Iraqis in Baghdad and the country’s south are already calling the events of the past two weeks “the catastrophe”. Not so inhabitants of the would-be Iraqi Kurdish capital of Irbil, where joy is unrestrained and a long-held sense of destiny is ever closer to being realised.

As the central government teeters under the insurgent onslaught, the fate of Irbil appears more assured then ever. Kurdish politicians, in the past not shy to criticise Arab Iraqi leaders, but coy about their national ambitions, are now openly touting “a new reality”.

To Kurdish officials and locals alike, a tectonic shift in the balance of power between Iraq’s two power bases, and peoples, has taken place. And Kirkuk, the bitterly contested oil hub, is at the epicentre.

In the heady days following the fall of Mosul and Tikrit, the Kurdish Peshmurga forces crossed into Kirkuk to head off the fast advancing jihadist group Isis. The Iraqi army, meanwhile, was fast retreating south, abandoning in hours a city that had been at the heart of the dispute between the Kurds and the Arabs for more than 70 years.

For the Kurds, the army’s stunning capitulation has now settled the matter for good.

“Kirkuk will finally produce oil for the Kurds,” said Muhama Khalil, the Kurdish head of the economic committee in Iraq’s national parliament. “For 70 years oil has been used to buy weapons to kill us. Finally we have our own oil and it will only be for the Kurds.”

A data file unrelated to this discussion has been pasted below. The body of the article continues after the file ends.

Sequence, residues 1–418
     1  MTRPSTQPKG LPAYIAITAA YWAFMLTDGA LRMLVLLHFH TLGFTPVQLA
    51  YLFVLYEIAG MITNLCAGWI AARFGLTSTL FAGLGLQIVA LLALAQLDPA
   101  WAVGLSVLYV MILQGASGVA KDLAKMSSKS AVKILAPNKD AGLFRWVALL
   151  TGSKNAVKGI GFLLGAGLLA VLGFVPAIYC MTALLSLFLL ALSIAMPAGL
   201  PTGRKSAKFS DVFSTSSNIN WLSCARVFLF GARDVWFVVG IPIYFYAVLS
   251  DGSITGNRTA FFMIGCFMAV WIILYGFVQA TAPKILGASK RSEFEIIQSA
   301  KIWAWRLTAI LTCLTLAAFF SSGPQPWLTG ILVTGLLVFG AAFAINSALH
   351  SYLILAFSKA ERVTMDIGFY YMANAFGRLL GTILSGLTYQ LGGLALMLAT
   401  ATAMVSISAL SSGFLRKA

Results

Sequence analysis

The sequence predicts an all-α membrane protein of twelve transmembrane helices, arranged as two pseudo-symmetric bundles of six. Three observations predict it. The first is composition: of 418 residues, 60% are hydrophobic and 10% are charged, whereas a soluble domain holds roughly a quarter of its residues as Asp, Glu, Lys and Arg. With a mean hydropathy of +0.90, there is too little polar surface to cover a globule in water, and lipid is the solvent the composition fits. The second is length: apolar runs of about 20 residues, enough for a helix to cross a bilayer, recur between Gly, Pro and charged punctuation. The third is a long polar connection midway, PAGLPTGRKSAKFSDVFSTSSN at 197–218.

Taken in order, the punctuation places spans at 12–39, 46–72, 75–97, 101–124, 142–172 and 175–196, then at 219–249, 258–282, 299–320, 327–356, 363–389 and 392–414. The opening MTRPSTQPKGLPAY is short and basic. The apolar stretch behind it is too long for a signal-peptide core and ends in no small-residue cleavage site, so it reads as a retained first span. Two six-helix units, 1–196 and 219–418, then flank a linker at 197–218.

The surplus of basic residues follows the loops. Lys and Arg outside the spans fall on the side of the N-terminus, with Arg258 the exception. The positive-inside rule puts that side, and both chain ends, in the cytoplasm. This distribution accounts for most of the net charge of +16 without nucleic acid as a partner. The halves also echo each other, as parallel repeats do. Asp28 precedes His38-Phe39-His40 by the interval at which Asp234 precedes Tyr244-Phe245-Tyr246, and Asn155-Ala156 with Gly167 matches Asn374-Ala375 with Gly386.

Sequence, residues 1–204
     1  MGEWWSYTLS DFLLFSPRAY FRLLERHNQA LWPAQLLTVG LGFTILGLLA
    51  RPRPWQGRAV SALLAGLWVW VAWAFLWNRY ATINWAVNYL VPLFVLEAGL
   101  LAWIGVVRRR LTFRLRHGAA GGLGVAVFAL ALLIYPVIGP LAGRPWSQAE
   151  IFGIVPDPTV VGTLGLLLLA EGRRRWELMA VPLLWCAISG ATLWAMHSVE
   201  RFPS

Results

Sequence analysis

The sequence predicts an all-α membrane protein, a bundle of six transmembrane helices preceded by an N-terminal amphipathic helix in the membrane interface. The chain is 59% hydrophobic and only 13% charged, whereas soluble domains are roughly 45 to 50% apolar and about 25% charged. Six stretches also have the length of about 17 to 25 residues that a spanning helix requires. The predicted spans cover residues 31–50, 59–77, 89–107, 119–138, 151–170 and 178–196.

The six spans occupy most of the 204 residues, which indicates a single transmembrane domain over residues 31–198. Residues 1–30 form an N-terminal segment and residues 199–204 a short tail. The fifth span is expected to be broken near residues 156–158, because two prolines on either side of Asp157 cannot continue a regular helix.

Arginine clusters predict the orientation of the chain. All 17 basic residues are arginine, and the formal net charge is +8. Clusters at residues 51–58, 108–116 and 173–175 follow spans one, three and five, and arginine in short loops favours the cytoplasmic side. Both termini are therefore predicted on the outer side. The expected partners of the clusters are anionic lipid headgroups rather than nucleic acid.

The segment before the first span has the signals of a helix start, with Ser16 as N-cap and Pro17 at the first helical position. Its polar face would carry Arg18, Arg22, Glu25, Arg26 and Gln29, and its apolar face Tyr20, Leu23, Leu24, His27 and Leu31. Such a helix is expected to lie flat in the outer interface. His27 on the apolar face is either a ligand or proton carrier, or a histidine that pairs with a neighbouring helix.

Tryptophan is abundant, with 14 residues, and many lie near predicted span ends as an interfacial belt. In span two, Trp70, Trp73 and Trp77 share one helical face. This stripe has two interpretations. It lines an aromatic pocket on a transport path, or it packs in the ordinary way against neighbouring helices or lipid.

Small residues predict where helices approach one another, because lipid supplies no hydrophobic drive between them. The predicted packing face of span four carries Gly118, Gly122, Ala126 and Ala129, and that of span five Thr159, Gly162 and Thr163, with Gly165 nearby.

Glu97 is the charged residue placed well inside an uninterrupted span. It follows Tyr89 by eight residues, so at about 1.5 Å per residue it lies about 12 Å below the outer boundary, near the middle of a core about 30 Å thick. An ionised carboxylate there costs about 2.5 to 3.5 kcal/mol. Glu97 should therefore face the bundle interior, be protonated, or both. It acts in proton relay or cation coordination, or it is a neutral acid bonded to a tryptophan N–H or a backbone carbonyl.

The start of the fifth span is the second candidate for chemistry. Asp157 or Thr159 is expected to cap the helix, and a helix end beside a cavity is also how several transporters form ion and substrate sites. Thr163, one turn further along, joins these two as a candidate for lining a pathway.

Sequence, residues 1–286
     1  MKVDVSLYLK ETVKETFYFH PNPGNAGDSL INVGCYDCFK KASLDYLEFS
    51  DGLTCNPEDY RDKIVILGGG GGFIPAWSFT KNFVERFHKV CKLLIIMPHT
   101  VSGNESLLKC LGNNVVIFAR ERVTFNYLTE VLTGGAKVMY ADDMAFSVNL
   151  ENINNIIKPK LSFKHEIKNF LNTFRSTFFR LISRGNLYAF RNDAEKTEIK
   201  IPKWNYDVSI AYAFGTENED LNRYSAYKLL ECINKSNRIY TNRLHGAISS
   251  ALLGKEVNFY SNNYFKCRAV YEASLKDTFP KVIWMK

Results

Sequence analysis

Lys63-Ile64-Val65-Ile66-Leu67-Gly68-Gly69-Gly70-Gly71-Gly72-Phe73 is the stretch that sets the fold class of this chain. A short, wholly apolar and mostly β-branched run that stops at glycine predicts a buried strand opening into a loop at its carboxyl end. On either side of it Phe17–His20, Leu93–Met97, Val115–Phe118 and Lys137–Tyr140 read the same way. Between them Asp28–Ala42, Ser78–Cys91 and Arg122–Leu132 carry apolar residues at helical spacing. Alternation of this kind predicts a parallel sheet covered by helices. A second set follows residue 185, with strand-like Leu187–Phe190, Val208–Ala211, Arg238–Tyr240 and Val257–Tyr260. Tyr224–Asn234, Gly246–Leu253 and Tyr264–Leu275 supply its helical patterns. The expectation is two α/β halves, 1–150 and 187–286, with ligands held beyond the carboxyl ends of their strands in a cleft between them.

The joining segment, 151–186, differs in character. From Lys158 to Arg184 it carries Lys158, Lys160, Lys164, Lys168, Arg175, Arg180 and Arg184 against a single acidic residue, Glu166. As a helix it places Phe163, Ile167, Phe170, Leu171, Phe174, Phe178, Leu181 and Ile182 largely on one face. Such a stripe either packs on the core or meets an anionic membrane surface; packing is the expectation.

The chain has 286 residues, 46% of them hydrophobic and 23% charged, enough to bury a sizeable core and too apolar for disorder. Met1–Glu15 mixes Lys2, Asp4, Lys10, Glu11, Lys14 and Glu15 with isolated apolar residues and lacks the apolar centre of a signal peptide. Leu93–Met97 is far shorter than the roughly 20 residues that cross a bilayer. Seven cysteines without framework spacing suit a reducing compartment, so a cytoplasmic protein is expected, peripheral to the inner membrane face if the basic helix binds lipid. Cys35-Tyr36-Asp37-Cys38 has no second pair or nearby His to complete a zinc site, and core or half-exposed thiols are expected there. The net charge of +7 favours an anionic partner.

The significance of Kirkuk changing hands sits uncomfortably with Iraqis in Baghdad. Many express shame at the Iraqi military’s collapse. Others blame the rout on a conspiracy concocted between generals and Kurdish leaders and involving vast amounts of cash. Whatever the cause, most hold little hope that the city will return to Iraqi control anytime soon.

And nor do they believe the a fast crumbling state can assert its control over oilfields that the Kurds have long coveted.

Kurdish leader, Massoud Barzani helped stoke those fears this week, with his most outspoken comments yet since Isis launched its headlong offenisve. “Iraq is obviously falling apart,” he told CNN. “We did not cause the collapse of Iraq. It is others who did. And we cannot remain hostages for the unknown.”

Pressed on whether Iraqi Kurds would seek to push for their ‘holy grail’ of independence, Barzani added: “The time is here for the Kurdistan people to determine their future and the decision of the people is what we are going to uphold.”

Barzani has long calculated that having a state in all but name has served both his and the Kurdish peoples’ interests. His role as leader of Iraq’s Kurds has also made him one of several defacto leaders of the 40 million strong Kurdish population, scattered between northern Iraq, eastern Syrian, south-eastern Turkey, and western Iran, all of whom seem happy enough with Kurdish autonomy, but – Turkey especially – would feel gravely threatened by a proclamation of statehood… see more

source: Guardian UK